ALEXIS DESCHARMES – Guest Cellist, and Cellist, National Gallery of Art New Music Ensemble
Chosen in 2008 by Diapason magazine to represent France as a cellist – along with about ten colleagues from his generation on other instruments – Alexis Descharmes is now an active international ambassador for his instrument and its repertoire.
Born in 1977, and trained at the Paris Conservatoire (in the classes of Michel Strauss and Philippe Muller), Descharmes was the winner of the Valentino Bucchi (1997) and Avant-Scènes (1999) competitions. He was then supported in succession by various foundations (Fondation Jean Brizard, Fonds Instrumental Français, Fondation Meyer, Mécénat Musical Société Générale, and Fondation Natexis). Descharmes has worked in the Ensemble Intercontemporain, Ensemble Alternance, and Ensemble Court-circuit and collaborates regularly with Ircam on its many projects.
Dedicatee of some fifty contemporary works, concertante and solo alike – Durieux, Fedele, Francesconi, Hervé, Hurel, Imai, Lanza, Levy, Mantovani, Matalon, Nillni, Pesson, Posadas, Reynolds, Saariaho, Schoeller, Solbiati, Stroppa – Alexis Descharmes’s discography consists of some twenty recordings, in solo or with the aforementioned ensembles with which he has appeared at numerous festivals and in some thirty countries. Since 2004, he records for the æon label, which has released the works for cello by Kaija Saariaho (‘ffff’ from Télérama, ‘Favourite’ of the Académie Charles Cros), Franz Liszt (Diapason d’Or of the Year, 2007), and also Schubert, and Klaus Huber anthologies with his faithful partner Sébastien Vichard.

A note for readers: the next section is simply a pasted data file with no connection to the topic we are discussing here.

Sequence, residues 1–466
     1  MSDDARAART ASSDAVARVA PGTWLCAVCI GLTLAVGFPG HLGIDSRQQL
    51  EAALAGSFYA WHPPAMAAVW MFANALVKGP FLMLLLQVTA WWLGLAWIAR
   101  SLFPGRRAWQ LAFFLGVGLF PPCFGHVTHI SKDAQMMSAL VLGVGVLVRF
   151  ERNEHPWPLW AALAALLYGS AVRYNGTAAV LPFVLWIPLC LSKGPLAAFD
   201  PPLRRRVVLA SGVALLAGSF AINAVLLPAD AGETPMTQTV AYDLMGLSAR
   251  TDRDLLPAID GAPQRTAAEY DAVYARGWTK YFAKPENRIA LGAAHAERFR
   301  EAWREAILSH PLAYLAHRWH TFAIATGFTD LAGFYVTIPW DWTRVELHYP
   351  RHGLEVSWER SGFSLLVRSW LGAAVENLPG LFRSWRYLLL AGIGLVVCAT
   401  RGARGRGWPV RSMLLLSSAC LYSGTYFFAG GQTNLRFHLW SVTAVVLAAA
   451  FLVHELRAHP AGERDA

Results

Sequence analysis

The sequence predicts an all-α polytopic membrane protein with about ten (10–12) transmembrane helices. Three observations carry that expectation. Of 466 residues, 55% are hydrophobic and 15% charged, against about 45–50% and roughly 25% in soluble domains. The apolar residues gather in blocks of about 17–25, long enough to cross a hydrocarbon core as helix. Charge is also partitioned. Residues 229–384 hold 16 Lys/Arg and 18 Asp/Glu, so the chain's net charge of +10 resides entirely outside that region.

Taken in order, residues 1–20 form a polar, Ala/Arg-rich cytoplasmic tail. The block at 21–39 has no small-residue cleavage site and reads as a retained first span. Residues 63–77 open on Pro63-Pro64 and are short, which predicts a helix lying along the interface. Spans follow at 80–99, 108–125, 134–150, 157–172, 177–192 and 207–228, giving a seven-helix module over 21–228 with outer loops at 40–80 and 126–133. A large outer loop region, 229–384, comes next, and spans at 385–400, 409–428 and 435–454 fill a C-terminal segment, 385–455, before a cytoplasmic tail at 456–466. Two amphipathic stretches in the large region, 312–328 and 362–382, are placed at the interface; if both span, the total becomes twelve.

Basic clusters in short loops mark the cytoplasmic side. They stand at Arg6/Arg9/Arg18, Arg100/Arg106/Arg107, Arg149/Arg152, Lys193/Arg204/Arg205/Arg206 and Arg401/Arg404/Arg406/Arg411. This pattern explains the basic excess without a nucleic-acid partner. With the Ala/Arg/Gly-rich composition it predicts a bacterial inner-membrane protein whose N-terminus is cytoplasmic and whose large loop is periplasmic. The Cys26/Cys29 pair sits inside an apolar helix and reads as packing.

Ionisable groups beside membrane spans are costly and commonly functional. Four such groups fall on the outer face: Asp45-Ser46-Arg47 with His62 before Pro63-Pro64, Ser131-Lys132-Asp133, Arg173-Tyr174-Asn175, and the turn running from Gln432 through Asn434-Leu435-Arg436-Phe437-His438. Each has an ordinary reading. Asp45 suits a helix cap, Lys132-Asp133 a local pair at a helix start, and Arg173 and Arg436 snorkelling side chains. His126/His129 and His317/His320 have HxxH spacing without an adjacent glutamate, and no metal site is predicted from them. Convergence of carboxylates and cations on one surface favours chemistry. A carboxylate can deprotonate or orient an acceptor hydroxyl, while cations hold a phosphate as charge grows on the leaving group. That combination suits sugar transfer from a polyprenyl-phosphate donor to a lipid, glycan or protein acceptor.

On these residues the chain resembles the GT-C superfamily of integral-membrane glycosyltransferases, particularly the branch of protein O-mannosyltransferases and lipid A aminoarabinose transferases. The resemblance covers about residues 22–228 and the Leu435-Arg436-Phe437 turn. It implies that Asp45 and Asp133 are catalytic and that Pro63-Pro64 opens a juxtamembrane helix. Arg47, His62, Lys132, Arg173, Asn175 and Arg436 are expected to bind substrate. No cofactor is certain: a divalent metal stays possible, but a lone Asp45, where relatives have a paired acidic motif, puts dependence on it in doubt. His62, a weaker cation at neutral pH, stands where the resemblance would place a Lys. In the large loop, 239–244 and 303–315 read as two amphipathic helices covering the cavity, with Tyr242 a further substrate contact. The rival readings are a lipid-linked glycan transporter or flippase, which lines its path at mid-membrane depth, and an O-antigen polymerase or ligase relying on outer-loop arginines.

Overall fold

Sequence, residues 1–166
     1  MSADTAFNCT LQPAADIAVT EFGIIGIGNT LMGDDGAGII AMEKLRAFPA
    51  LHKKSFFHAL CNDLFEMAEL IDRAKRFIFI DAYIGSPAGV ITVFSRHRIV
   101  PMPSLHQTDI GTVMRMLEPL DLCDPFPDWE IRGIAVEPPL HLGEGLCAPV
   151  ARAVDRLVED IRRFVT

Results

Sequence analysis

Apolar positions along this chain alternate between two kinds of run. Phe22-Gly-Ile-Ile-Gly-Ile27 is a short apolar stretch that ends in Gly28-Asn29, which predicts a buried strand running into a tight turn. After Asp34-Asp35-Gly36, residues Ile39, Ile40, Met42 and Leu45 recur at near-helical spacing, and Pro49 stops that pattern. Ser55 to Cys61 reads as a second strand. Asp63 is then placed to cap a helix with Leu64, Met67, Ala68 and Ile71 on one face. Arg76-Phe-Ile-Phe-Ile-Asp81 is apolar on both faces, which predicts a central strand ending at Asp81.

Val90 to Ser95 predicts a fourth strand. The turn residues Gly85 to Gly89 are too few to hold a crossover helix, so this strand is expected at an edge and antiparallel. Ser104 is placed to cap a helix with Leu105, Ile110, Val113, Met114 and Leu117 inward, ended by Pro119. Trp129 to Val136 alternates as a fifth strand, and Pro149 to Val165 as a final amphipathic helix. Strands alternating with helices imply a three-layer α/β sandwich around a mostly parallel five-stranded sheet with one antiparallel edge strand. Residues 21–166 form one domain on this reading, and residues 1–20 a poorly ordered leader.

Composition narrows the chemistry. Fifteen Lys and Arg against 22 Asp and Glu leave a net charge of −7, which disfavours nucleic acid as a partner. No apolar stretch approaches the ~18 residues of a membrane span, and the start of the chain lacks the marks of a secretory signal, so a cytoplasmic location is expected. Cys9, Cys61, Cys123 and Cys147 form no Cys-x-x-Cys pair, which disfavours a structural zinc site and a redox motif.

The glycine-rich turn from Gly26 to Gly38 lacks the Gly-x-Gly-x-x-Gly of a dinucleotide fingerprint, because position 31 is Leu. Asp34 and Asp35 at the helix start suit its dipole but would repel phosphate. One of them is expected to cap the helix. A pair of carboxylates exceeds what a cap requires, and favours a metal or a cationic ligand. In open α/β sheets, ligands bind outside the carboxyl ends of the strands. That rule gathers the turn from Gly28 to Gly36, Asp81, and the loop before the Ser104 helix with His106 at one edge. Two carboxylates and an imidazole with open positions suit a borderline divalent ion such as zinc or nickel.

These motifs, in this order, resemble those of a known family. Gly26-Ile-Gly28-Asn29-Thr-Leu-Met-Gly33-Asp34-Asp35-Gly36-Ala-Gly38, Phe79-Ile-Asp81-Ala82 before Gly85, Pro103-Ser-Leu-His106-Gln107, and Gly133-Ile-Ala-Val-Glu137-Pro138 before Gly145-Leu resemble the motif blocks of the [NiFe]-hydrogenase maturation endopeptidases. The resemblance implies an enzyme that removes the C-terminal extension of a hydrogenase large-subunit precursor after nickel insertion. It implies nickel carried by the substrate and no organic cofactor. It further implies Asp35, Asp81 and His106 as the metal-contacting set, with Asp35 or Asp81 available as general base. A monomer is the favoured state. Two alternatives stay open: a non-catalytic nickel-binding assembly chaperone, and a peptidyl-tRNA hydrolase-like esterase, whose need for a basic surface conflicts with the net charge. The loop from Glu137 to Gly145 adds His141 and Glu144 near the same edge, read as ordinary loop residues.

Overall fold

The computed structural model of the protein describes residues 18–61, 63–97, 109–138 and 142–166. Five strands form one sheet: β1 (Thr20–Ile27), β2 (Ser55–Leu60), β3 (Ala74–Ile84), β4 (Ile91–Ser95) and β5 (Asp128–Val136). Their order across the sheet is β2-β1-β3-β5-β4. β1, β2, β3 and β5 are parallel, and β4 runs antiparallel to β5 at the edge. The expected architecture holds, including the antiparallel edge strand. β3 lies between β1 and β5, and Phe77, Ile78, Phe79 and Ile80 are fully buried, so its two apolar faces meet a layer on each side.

Alexis Descharmes joined the Orchestra of the Paris National Opera in 2006. Since 2004, he collaborates regularly with French Embassy in Washington, DC for the Contemporary Music Series of La Maison Française. He became a member of the NGA New Music Ensemble in 2010.
…Descharmes’s way with his instrument combined astonishing facility with control and seeming ease…in his remarkable account of Saariaho’s Spins and Spells…
Cecelia Porter – The Washington Post, 12 December 2005
…[an] excellent concert by musicians of the Paris Opéra, a joint tribute to Carter and his fellow centenarian Olivier Messiaen…. The Carter sonata is certainly a step away to the bright-eyed, Coplandesque exuberance of his earlier works. …played by the excellent cellist Alexis Descharmes…[it] sounds like a debate between Stravinsky and Brahms, with a light, springy, percussive piano line and a big romantic cello one….
Anne Midgette – The Washington Post, 15 December 2008
…Descharmes’ complete ease with his instrument made it seem like an extension of his soul. His low register in particular had a human vocal quality, and his plucked notes reverberated like a rock guitar. Descharmes approached Carter's music with the same romance and intensity as he did Debussy's, opening the door for even the staunchest traditionalists to appreciate Carter's dissonant and unpredictable style….
Gail Wein – The Washington Post, 9 April 2005
Credit: Philippe Gontier